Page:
Asia Stocks Rise on China Services; Investors Watch U.S.

Photographer: Tomohiro Ohsumi/Bloomberg

Pedestrians walk past an electronic stock board outside a securities firm in Tokyo. Close

Pedestrians walk past an electronic stock board outside a securities firm in Tokyo.

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Photographer: Tomohiro Ohsumi/Bloomberg

Pedestrians walk past an electronic stock board outside a securities firm in Tokyo.

Asian stocks rose after a gauge of China’s services industries jumped to a six-month high and as investors watched for progress on ending a budget impasse that has shut down the U.S. government.

Sands China Ltd., a unit of billionaire Sheldon Adelson’s Las Vegas casino company, advanced 3.9 percent after its equity rating was raised at DBS Vickers Hong Kong Ltd. China Unicom (Hong Kong) Ltd. surged 8.4 percent on a report fees for calls to other networks will be cut. SoftBank Corp. rose 4 percent, overtaking Mitsubishi UFJ Financial Group Inc. as Japan’s No. 2 company by value. Leighton Holdings Ltd. slumped 10 percent on a report former executives knew of alleged corruption at Australia’s biggest builder.

The MSCI Asia Pacific Index added 0.4 percent to 139.26 as of 7:34 p.m. in Tokyo, with eight of 10 industry groups on the measure rising.

“Investor sentiment is holding well,” Benjamin Tam, a Hong Kong-based portfolio manager at IG Investment Ltd., which oversees about $1.5 billion, said by telephone. “People are still optimistic about China’s economy. Having said that, we are waiting on results of fiscal talks in the U.S., which is the biggest uncertainty.”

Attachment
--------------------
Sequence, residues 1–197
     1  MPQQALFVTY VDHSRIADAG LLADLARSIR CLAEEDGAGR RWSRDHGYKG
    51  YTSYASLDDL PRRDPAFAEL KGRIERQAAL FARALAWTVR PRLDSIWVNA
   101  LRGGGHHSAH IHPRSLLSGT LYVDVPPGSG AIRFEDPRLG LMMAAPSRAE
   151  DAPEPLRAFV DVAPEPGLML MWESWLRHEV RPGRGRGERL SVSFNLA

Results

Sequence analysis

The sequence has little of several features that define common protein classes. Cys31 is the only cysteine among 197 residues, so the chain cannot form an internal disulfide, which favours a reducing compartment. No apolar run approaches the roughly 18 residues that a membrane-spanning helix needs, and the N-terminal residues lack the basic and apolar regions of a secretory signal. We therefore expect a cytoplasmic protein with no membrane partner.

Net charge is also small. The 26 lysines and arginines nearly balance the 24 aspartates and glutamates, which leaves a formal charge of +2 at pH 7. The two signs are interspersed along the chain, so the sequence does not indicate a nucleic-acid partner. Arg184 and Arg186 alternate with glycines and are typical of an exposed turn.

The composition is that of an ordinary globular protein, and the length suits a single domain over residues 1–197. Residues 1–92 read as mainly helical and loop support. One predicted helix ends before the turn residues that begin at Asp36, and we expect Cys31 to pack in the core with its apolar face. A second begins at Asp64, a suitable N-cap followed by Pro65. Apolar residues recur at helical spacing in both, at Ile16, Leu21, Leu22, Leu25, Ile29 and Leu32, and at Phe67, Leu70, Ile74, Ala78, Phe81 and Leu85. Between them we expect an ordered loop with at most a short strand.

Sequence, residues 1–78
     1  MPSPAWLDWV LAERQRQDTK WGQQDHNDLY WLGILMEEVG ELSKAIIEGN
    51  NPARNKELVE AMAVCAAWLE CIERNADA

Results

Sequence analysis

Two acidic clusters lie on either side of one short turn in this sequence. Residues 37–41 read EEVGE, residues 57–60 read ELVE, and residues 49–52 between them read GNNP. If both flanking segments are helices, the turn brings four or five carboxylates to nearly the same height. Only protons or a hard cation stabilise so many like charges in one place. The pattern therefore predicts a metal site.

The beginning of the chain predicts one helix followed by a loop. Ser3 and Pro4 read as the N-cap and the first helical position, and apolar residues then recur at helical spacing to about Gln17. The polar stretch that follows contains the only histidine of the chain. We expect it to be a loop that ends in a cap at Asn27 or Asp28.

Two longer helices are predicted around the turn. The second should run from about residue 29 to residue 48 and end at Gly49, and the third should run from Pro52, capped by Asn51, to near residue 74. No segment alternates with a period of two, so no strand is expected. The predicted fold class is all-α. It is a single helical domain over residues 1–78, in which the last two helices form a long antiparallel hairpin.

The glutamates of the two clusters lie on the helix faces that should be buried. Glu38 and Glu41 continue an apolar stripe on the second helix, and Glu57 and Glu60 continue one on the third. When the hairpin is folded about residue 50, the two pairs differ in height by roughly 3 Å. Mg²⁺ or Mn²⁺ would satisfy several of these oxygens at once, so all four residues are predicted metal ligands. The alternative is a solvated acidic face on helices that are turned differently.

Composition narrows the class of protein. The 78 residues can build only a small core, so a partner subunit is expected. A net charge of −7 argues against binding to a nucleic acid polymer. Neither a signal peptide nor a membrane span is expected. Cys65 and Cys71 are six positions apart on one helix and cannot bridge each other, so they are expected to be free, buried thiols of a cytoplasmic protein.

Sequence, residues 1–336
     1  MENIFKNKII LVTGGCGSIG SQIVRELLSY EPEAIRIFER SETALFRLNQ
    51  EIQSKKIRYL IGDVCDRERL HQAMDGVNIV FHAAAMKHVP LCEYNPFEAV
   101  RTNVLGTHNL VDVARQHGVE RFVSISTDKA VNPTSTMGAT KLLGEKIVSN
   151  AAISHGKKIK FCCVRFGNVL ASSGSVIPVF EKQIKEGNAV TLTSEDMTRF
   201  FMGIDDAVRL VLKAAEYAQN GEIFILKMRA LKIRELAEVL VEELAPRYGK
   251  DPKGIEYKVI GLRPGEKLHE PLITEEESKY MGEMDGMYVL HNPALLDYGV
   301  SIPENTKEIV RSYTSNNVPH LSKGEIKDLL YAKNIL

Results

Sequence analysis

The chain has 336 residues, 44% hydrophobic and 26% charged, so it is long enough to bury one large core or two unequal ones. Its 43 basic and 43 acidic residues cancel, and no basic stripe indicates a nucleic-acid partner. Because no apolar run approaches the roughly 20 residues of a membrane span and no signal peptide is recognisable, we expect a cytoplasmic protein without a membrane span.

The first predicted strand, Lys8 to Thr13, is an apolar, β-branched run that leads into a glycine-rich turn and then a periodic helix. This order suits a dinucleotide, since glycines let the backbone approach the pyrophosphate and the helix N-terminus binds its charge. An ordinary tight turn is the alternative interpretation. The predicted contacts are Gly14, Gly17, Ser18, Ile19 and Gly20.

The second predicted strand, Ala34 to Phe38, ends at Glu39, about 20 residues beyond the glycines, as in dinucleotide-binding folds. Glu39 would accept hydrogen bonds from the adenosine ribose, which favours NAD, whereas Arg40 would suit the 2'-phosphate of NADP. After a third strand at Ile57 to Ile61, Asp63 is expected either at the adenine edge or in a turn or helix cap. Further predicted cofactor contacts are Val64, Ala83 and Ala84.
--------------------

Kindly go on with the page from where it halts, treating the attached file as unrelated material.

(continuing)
Hong Kong’s Hang Seng Index advanced 1 percent after data showed China’s non-manufacturing Purchasing Managers Index climbed in September to 55.4 from 53.9 in August, adding to signs that the world’s second-biggest economy will rebound after a two-quarter slowdown. Financial markets in China are closed for holidays until Oct. 8. South Korea’s market was also shut today.

Regional Gauges

Japan’s Topix index slipped 0.1 percent, falling a fifth day to cap its longest losing streak since November. Australia’s S&P/ASX 200 Index rose 0.4 percent, while New Zealand’s NZX 50 Index was little changed. Taiwan’s Taiex index jumped 1.7 percent. Singapore’s Straits Times Index lost 0.3 percent.

The Philippine Stock Exchange Index gained 0.4 percent, erasing earlier losses of as much as 1 percent, after Moody’s Investors Service raised the country’s credit rating to investment grade. India’s S&P BSE Sensex Index climbed 2 percent.

Futures on the Standard & Poor’s 500 Index dropped 0.3 percent today after the measure slipped 0.1 percent yesterday. The U.S. government has been in partial shutdown for two days after lawmakers failed to agree on a federal budget. President Barack Obama summoned the top four leaders of Congress to the White House for the first high-level talks on reopening the government and raising the debt ceiling.

Debt Ceiling